Crowd Sourced Data for Road Traffic Injury Surveillance

About this project

This projects seeks to provide a novel crowdsourced data tool for road traffic injury surveillance to improve emergency medical systems.

Project background

Good trauma system planning needs good Road Traffic Collision data, to run hospitals, ambulance travel time cuts, and to reduce high risk roads. WHO Injury Surveillance and Trauma Care guidelines show the need for good data, particularly when resources are limited. Such data is sparse in developing countries, but the boom in digital technology in developing world cities provides a potential alternative data source to help capacity building, emergency medicine and risk reduction, in line with FIA/UN Decade goals.

Project aims and objectives

This project will seek to:

  1. Collect and aggregate novel digital data sources relating to Road Traffic Collisions eg online media, news, mobile navigation, vehicle telematics;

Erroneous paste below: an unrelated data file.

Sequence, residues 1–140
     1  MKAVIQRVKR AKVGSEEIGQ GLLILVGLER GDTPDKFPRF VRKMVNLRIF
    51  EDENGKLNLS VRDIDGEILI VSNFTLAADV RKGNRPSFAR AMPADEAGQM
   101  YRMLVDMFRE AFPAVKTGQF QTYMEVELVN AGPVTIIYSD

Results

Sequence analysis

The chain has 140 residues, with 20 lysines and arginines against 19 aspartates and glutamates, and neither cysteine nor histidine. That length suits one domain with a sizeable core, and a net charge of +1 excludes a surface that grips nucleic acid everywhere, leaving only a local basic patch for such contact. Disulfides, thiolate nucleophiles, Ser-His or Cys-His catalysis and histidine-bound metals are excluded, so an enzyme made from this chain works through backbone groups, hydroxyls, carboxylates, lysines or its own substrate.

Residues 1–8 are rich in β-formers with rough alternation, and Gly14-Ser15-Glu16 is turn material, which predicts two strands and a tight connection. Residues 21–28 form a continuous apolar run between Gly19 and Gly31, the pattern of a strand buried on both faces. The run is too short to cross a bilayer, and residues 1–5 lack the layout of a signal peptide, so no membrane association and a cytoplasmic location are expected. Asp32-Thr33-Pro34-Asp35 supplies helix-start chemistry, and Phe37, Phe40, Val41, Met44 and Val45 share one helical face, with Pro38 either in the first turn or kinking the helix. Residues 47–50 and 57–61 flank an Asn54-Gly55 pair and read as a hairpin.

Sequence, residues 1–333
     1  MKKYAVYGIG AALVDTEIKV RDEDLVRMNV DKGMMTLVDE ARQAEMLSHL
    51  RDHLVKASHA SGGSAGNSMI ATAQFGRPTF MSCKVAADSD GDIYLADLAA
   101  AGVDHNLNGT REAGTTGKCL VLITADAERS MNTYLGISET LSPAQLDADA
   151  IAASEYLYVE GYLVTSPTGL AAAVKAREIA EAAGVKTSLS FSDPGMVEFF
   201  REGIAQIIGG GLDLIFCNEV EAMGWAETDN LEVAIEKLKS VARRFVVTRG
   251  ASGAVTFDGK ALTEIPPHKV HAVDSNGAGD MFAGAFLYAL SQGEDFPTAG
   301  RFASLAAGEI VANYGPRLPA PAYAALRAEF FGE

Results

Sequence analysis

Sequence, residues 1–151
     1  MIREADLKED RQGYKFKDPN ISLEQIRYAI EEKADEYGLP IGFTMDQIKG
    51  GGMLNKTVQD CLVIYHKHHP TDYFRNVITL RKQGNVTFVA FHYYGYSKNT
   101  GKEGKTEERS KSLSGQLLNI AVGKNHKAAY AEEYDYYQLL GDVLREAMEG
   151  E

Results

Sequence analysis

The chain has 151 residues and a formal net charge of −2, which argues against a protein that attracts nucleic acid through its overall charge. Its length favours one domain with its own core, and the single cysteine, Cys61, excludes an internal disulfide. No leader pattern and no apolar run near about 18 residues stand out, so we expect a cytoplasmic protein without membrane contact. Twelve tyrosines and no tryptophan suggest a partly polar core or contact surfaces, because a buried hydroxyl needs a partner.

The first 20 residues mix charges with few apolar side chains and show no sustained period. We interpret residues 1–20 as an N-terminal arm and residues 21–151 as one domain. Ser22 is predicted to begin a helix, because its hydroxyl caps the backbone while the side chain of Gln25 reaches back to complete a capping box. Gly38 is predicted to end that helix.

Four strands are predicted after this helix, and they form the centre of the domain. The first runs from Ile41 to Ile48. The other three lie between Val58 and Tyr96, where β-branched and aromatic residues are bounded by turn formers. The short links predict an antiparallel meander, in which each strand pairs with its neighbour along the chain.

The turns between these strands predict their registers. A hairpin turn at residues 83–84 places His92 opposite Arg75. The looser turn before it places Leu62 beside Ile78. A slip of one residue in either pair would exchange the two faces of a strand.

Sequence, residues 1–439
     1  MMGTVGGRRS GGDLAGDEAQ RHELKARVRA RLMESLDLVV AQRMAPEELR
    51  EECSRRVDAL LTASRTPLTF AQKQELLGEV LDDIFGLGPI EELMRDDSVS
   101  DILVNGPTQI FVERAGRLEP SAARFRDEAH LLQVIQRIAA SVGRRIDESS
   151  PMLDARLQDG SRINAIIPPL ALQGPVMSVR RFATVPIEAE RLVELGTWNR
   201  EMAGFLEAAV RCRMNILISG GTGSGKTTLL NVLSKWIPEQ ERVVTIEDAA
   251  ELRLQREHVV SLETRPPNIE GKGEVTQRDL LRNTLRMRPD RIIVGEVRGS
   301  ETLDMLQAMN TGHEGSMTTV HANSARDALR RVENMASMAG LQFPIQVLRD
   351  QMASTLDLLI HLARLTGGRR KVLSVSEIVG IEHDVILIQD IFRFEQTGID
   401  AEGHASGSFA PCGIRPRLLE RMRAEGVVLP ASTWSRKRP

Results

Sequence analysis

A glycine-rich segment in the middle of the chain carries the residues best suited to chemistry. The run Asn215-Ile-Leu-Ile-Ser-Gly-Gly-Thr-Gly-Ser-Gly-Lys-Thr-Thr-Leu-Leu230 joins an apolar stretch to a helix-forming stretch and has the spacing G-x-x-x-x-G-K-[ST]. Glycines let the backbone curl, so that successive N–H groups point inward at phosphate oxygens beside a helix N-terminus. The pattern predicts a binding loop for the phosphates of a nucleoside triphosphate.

2. Assess the ability of these sources to identify geolocation, timing and severity of Road Traffic Collisions;
  3. Compare the accuracy of these sources as Road Traffic Collision surveillance to well-established high quality data from London’s transport, ambulance, health services; and
  4. Establish if these sources can be a surrogate for developing world cities to overcome inadequate infrastructure and improve

Project timescales

The project commenced in January 2018 and will complete in 2024.

Project partners

This project is being delivered by Imperial College London / Imperial College Healthcare Trust and is being funded by the RAC Foundation and the FIA via their Road Safety Grants Programme.

For more information

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Project updates

February 2024

The report Data Linkage in Road Safety – Bridging the divide to support better health outcomes has been published. This report written by study lead Seema Yalamanchili concludes that greater sharing of collision data and medical information about crash victims could lead to a much better understanding of the causes and the costs – human and financial – of death and injury on the country’s roads, and hence improve safety.

Updated: 07 Feb 2024